However, this synchronized list has a limitation: all of its read and write methods ( add , set , remove , iterator , etc) are synchronized on the list object itself. That means if a thread is executing add() method, it blocks other threads which want to get the iterator to access elements in the list, for example. Also, only one thread can iterate the list’s elements at a time, which can be inefficient. That’s quite rigid.

    What if we want a more flexible collection which allows:

    • Multiple threads executing read operations concurrently.
    • One thread executing read operation and another executing write operation concurrently.
    • Only one thread can execute write operation while other threads can execute read operations simultaneously.

    The CopyOnWriteArrayList >ConcurrentModificationException as per the case of a synchronized list.

    That’s interesting. So how does the CopyOnWriteArrayList implement this concurrent feature?

    2. How does CopyOnWriteArrayList works?

    In addition, a thread must acquire a separate lock before executing a write operation, and all write operations use this same lock so there’s only one write operation can be executed by only one thread at a time. The read operations do not use any lock so multiple threads can execute multiple read operations simultaneously. And of course, read and write operations do not block each other.

    The methods iterator() and listIterator() return an iterator object that holds different copy of the elements, hence the term snapshot iterator. The snapshot iterator doesn’t allow modifying the list while traversing, and it will not throw ConcurrentModificationException if the list is being modified by other thread during the traversal, and the read and write operations work on different copies of elements.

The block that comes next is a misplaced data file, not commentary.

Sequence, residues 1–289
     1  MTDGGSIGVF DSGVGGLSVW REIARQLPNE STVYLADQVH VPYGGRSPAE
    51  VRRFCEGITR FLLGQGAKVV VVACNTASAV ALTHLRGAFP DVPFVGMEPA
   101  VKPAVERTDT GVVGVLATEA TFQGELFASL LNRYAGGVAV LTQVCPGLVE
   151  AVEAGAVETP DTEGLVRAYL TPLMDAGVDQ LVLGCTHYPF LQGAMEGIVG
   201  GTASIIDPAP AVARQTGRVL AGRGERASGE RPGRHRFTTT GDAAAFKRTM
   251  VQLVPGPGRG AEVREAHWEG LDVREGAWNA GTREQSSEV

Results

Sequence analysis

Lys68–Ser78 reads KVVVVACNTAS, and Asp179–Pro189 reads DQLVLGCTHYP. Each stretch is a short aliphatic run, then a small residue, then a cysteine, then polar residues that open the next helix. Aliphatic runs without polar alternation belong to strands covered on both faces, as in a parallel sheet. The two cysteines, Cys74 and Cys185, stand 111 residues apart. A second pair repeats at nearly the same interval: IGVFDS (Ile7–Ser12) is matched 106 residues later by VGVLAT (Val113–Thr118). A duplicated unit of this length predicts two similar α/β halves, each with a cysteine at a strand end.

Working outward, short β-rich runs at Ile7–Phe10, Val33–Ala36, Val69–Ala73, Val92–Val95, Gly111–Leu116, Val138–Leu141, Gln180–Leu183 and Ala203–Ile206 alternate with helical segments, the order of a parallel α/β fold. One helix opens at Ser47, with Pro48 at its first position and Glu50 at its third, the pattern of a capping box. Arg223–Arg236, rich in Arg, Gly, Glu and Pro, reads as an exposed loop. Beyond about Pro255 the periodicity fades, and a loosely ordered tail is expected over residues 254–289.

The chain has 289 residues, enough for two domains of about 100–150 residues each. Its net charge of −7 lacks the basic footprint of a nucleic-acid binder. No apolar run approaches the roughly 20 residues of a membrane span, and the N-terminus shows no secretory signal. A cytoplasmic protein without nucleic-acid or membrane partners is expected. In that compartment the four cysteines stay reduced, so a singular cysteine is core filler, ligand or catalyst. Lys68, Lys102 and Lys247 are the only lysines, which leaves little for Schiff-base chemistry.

3. When to Use CopyOnWriteArrayList?

    Having sa >CopyOnWriteArrayList only when the number of write operations is very small as compared to the read operations and the list contains a small number of elements.

    In some cases, we can use CopyOnWriteArrayList as a thread-safe alternative to ArrayList , and to take advantages of its new methods addIfAbsent() and addAllAbsent() , which are explained below.

    4. Understanding CopyOnWriteArrayList API

    • You can pass an array when creating a new CopyOnWriteArrayList object. The list holds a copy of this array, for example:
    • Though a list allows duplicate elements, you can add an element to the list if and only if it is not already in the list, by using the method addIfAbsent(element) . More importantly, this method is thread-safe which means it guarantees no other threads can add the same element at the same time. This method returns true if the element was added. For example:
    • Similarly, the method addAllAbsent(Collection) appends all elements in the specified collection that are not already contained in the list. And more importantly, this method is thread-safe. This method returns the number of elements were added. For example: